4. (Feedback criticality level 4-5) WARNING: I may post this story later. I'm discussing major plot elements and this will probably spoil it for you. Be warned. I normally write off the cuff and just let it work out. However, this story is different - I've actually taken time to brainstorm a lot on this topic and would like some feedback while I begin writing. What will follow here is a dump of my brainstorming document, followed by explanation. Feel free to pick any part of it to discuss. BEGIN DUMP Metal: Names: Ore: Adamant Probably going with this - Cobalt is real and too close to WoW. On the other hand, it's an old synonym for diamond. Diamonds are shiny? Cobalt Gemaedine Colloquiolisms: Cursesteel Blacksteel Latin roots: Mors Mortis Umbra Acerbus Atrer Atrum Caliga Caligo Properties: Initial reaction to ungloved touch death by madness Gradually moves from frenzied screaming to insidious whispering Bonds to user (?) Not sure about this, might change it Drives user to kill others and himself Landing site slowly polluting the ground around it Cannot store too much of it locally, too dangerous Raids to get new ore Knighthood up against a mountain where they mine iron and smelt it. Blacksmiths common among the Knighthood. Plot ideas: Knighthood attacked, ousted? Two or three books - Rise of the Cursesteel Rule of the Cursesteel Ruin of the Cursesteel Anglo-Saxon basis for characters Firstname, Honorary Name, Home Name Antagonists Leader: Gram, the Exile Generals: Ex-Knights Rank and File: Maddened beasts Protagonists Main Character Names: Oeric If I go Anglo-saxon for the theme of the knighthood, this'll fit well. Resources http://www.mybirthcare.com/favorites/pg1/A...Saxon-names.asp http://home.comcast.net/~modean52/oeme_dictionaries.htm http://books.google.com/books?id=bfBEAAAAMAAJ http://www.nationmaster.com/encyclopedia/G...f-swordsmanship OUTLINE POSTED IN CODEBOX TO PRESERVE OUTLINE FORMAT. Outline: Part 11. Introduction a. Characters i. Oeric 1. Description a. Brown hair b. Blue eyes c. Well-built 2. Traits a. Ponderous b. Self-focused c. Driven d. Withdrawn e. Slow to anger 3. Position a. Initiate ii. Cedric 1. Description a. Brown hair b. Brown eyes c. Lean 2. Traits a. Lazy b. Hot-headed c. b. Setting i. Knighthood 1. Name a. Wacian Knighthood b. Wacia Castle 2. Ranks a. Initiate 1. Recruited at age 14, four years of training 2. Referred to by name - "Firstling, Second-year, third-year, fourth-year" 3. Move to Sergeant on 18th birthday when they get their weapon. b. Sergeant 1. Make move to Knighthood when they receive their given name. 2. Knighting is based on sponsorship by a Knight or higher. c. Knight d. General e. Marshal (Ungloved) 3. Numbers a. Initiates - twice the number of sergeants (160) 1. Approx. ratios: a. First year: 40% (64) b. Second year: 30% (48 c. Third year: 20% (32) d. Fourth year: 10% (16) b. Sergeants - twice the number of knights (80) c. Knights - five times the number of generals (40) d. Generals - twice the number of marshals ( e. Marshals - Four Important Scenes: Recovery of the ore Tale of the Exile Forging of the sword Arrival of the Messenger Arrival of the Exile End Dump More to follow in posts.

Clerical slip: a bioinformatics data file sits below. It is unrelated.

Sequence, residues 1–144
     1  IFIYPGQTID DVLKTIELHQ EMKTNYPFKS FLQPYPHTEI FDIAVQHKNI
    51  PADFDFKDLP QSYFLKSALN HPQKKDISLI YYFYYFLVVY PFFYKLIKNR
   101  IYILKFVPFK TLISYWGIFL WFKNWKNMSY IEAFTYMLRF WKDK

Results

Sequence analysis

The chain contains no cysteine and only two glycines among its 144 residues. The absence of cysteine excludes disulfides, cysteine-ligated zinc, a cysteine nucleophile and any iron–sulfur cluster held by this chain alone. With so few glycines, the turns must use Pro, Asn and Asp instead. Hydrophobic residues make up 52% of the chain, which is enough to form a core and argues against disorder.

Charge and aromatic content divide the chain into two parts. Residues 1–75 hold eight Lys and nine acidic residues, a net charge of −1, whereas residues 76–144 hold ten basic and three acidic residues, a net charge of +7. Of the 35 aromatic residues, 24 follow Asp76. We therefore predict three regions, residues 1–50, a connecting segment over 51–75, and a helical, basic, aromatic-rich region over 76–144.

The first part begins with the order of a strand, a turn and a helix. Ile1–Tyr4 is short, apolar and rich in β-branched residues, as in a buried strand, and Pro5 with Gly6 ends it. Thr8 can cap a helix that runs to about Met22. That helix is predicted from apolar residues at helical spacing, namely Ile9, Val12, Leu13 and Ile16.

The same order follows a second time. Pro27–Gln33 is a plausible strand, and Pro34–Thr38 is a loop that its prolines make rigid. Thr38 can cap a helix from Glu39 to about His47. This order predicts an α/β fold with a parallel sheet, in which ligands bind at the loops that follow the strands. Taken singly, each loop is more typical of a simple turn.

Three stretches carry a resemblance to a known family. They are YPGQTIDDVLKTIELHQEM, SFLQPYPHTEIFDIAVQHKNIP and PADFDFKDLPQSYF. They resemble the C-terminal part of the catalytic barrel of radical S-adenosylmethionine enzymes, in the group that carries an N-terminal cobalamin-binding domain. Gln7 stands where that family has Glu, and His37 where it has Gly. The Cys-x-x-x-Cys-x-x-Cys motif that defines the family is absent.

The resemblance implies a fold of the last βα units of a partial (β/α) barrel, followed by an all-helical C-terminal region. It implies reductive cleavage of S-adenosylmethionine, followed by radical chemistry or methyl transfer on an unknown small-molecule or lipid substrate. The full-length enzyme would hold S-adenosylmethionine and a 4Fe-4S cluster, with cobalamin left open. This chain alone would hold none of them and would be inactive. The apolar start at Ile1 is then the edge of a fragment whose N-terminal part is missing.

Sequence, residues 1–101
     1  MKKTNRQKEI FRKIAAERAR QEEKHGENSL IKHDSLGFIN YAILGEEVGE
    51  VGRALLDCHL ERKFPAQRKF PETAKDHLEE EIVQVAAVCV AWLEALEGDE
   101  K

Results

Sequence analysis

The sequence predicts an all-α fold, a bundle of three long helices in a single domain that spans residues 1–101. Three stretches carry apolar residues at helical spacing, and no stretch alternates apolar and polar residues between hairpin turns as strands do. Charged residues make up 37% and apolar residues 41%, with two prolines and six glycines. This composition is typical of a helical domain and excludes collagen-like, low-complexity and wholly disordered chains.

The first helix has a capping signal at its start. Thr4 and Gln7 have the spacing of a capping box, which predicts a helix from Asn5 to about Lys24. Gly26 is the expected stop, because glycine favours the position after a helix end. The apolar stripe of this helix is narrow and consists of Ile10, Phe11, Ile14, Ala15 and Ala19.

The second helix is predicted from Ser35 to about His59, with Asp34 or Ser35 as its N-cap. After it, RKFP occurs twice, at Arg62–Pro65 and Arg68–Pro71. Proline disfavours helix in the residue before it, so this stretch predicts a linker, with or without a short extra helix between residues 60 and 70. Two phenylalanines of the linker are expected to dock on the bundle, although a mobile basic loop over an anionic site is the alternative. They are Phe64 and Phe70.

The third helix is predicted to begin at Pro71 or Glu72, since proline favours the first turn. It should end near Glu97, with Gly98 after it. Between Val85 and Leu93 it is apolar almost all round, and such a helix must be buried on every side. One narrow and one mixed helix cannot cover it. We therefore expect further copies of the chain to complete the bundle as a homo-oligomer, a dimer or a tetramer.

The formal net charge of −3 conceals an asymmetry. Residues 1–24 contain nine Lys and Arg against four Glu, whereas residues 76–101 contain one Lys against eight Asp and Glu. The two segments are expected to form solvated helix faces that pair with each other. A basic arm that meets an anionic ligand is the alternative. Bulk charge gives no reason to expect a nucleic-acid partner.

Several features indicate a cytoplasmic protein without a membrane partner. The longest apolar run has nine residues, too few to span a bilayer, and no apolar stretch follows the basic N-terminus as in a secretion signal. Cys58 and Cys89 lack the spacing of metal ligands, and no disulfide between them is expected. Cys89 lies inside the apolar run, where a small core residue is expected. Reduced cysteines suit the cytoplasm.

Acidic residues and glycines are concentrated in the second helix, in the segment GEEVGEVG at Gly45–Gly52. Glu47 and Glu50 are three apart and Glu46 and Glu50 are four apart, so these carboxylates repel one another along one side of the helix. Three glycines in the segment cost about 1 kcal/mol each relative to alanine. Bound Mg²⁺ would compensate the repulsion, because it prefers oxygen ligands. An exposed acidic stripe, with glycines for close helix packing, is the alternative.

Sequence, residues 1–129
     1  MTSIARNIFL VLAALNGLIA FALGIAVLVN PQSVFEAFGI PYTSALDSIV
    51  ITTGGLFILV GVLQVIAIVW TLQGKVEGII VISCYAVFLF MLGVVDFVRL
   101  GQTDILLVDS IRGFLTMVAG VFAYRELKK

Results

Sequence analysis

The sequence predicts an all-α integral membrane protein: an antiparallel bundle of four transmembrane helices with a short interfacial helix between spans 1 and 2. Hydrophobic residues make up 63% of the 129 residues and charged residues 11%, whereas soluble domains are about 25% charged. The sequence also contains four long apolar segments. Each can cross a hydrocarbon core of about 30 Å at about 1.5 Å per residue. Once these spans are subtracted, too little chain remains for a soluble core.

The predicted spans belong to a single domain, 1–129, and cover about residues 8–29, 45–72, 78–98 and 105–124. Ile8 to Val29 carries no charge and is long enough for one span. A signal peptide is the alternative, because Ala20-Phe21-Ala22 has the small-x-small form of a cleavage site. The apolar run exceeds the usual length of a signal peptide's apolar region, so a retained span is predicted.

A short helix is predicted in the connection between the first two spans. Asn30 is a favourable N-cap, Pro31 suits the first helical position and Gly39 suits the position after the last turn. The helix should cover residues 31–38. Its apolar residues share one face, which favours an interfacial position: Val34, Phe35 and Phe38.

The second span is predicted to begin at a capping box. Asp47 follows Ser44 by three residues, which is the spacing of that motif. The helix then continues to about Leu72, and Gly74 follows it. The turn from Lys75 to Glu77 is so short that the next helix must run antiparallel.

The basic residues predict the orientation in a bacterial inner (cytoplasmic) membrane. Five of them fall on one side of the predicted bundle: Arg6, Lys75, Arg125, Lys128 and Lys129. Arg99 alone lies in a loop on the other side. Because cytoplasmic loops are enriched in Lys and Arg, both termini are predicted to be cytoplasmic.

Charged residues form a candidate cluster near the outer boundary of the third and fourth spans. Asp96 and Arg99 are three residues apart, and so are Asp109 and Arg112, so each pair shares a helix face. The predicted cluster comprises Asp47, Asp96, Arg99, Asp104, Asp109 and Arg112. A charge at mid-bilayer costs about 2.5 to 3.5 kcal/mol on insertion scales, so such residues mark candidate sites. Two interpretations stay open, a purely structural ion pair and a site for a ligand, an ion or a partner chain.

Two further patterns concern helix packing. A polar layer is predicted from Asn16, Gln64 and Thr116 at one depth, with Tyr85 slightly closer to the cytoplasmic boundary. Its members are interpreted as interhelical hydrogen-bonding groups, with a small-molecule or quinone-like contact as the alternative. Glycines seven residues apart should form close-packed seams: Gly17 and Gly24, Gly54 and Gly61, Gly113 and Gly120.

5. I burn my throat each night in passing Of a hope that I once had That you really cared about me I guess that it's just too damn bad So I drink myself past slurring And straight on to haphazard joy Hoping to forget about this song About a heart that's now destroyed Once upon a time this bottle Was something to remember you by But these days it's something to Forget you with I held out hope and duly waited A phone clenched in my slick hand A hope fleeting on my fingertips Things would go off like I planned But luck's never been on my side I've never seen a lucky turn Things turned out how they always do My hope turned to ash and burned Once upon a time this bottle Was something to remember you by But these days it's something to Forget you with I know that if you call me up one day I'll forgive everything you did I can't hate you for your actions I can't hate you 'cause you hid I'm foolish and a wreck some days And I'm still ashamed to say Most nights I'm still here drinking Trying to forget that day